Arkansas’ Dubious Logic Regarding Their Medicaid Expansion Plan
Arkansas is currently trying to pursue a novel path for expanding Medicaid under the Affordable Care Act. They want to take the money and instead use it to get its population to buy private insurance on the new Obamacare exchange. It has been dubbed the “Private option.”
The one big problem with this plan is that private insurance is significantly more expensive than public insurance programs such as Medicare and Medicaid. This private option could be as much as 50 percent more expensive, but the Arkansas Department of Human Services released an analysis claiming the added cost would be much lower. They claim it may only cost 15 percent more or possibly less. One problem is their analysis seems based on some dubious and contradicting logic.
They start by claiming that adding more people to the exchange would increase the market power of the pool and allow it to negotiate lower prices. From the analysis:
It is likely that introducing 250,000 low-income adults into the private market through the insurance exchange will increase competition among carriers and generate some price pressure on providers, since they would then be compensated at competitive rates for all clients. This price pressure is estimated to result in a 5% reduction in private reimbursement rates in the exchange.
There is basically no real world evidence to justify this case. Insurance exchanges that have been tried in the United States have mostly been cost control failures.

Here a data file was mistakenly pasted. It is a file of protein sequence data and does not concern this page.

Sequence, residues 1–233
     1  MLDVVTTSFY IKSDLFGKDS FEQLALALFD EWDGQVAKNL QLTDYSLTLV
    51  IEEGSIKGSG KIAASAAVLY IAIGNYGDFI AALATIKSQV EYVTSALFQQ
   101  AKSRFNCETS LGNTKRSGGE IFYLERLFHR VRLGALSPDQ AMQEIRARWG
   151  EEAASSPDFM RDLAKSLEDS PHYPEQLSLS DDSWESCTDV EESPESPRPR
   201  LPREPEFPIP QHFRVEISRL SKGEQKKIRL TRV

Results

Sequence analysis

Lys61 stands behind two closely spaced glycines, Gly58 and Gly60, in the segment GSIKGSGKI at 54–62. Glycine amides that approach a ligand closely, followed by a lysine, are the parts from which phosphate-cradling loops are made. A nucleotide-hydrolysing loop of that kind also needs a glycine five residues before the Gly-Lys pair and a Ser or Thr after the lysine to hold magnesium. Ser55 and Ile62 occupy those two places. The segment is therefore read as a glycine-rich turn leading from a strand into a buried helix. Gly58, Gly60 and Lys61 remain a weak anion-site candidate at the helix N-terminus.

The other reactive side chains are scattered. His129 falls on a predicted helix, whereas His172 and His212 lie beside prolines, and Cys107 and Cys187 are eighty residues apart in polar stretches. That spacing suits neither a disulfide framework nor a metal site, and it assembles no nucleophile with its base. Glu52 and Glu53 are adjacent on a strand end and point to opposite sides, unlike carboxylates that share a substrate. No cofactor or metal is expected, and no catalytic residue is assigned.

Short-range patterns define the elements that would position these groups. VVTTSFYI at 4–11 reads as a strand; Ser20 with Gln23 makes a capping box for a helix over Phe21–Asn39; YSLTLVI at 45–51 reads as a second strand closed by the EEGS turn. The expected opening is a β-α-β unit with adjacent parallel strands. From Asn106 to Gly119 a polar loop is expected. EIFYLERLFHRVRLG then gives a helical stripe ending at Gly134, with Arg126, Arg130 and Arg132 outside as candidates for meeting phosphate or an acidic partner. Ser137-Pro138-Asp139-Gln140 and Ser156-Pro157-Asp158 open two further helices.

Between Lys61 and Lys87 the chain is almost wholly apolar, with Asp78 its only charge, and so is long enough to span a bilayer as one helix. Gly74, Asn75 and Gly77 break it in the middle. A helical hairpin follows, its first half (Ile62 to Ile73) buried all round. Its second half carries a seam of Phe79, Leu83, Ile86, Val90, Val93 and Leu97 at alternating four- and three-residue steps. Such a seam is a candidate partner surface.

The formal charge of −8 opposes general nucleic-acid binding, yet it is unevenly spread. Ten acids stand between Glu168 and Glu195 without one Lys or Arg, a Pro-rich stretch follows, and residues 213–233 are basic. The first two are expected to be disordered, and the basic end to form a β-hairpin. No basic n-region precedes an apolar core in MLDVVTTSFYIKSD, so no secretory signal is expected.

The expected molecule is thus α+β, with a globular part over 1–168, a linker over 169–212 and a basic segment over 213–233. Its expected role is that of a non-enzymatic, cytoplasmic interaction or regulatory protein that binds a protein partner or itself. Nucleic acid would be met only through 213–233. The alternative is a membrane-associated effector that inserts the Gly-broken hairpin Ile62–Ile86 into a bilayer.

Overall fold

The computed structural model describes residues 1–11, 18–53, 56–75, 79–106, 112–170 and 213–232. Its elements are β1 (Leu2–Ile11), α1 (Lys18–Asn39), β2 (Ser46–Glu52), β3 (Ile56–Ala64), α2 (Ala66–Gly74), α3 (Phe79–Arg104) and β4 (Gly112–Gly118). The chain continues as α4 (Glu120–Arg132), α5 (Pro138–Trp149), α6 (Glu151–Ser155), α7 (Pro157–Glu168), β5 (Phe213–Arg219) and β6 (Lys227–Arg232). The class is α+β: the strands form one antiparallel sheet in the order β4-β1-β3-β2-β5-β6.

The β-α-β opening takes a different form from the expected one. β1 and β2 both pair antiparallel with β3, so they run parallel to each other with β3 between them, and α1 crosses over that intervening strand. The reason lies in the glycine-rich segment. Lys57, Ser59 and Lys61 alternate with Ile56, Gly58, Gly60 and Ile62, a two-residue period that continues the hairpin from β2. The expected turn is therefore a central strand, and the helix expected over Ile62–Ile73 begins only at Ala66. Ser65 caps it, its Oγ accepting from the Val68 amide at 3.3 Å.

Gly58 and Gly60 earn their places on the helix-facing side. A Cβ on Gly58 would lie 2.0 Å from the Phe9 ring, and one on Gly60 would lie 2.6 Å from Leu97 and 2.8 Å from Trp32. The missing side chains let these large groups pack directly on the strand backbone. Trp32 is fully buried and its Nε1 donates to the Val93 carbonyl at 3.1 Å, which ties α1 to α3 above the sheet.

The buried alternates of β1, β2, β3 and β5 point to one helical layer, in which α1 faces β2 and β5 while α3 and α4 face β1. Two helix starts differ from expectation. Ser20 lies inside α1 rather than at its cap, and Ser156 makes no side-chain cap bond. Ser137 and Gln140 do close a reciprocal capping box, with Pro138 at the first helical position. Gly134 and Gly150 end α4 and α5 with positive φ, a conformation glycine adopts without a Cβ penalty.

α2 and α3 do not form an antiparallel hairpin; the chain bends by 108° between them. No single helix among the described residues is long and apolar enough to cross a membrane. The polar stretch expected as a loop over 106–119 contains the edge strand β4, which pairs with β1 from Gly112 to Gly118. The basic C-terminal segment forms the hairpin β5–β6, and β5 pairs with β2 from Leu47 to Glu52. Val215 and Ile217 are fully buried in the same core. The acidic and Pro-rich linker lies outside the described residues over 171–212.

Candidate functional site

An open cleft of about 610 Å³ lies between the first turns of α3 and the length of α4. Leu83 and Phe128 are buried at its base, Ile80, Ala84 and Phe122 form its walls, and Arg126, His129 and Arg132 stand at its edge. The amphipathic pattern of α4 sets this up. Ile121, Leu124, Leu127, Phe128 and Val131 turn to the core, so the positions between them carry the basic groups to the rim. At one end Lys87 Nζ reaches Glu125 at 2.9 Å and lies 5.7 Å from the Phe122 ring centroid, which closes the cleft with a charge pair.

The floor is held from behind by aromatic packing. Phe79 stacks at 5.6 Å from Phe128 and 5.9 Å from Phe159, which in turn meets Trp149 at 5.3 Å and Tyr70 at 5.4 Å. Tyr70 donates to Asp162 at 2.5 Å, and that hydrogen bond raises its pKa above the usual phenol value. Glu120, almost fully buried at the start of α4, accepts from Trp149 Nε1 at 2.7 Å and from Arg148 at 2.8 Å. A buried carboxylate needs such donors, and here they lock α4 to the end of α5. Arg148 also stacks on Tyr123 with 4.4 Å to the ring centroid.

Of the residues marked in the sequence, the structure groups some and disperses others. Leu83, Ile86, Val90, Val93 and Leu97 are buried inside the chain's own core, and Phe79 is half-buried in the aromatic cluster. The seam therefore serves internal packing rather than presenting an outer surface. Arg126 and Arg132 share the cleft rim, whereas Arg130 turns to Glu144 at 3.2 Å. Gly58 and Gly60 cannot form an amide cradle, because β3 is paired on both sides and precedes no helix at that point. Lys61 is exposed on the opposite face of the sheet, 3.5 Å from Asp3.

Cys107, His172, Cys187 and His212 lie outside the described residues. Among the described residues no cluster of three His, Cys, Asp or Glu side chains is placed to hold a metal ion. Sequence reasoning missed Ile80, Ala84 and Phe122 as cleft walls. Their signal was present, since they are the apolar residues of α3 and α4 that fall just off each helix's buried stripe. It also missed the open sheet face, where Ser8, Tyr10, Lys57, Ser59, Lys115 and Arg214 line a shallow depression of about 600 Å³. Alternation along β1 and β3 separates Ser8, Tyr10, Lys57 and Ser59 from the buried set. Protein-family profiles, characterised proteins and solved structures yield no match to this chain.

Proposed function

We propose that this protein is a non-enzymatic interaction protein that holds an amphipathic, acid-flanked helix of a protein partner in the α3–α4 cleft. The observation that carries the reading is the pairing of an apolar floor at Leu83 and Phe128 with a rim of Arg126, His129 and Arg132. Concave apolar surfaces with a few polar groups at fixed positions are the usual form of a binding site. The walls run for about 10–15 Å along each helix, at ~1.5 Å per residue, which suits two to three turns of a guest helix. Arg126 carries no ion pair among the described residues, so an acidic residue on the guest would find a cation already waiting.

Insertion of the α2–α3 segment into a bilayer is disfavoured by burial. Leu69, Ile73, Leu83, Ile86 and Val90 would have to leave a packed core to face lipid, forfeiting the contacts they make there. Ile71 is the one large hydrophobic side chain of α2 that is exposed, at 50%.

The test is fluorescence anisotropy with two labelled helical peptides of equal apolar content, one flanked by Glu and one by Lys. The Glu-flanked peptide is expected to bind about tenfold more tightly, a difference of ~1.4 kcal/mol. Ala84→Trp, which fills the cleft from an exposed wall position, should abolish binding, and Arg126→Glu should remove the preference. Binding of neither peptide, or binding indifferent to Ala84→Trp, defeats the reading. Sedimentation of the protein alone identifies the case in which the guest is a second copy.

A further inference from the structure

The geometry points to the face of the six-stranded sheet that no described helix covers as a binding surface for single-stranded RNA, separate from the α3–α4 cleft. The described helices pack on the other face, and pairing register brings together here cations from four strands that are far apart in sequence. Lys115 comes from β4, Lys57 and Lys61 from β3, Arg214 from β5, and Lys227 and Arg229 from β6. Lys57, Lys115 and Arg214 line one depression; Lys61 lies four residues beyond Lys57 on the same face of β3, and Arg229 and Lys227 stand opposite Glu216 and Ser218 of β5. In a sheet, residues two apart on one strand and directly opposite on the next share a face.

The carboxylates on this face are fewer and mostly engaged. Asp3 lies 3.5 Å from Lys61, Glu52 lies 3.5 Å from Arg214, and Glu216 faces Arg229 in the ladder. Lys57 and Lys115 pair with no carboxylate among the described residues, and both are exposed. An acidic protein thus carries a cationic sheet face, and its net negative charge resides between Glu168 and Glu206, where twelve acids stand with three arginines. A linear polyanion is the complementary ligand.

What is more important, though, is that the logic of this section seems to be directly contradicted on the very next page. They claim adding more people to the current Medicaid pool would actually force Medicaid to increase the amount it pays to providers.
Arkansas’ existing Medicaid program appears to provide sufficient access, but adding 250,000 participants would require significant new commitments by providers to meet the increased demand for medical services.
How much might the Federal government need to pay providers to secure access for this new population? The best comparison point might be the rates that would be paid in a competitive market for services to a low-income population, and this is exactly what those providers would get paid under Arkansas’ emerging plan.
So the Arkansas DHS is claiming that larger purchasers are better able to negotiate lower prices, but somehow this don’t apply to Medicaid. Giving Medicaid more market power would make it less effective at negotiating prices.
Photo by TimmyGUNZ under Creative Commons license.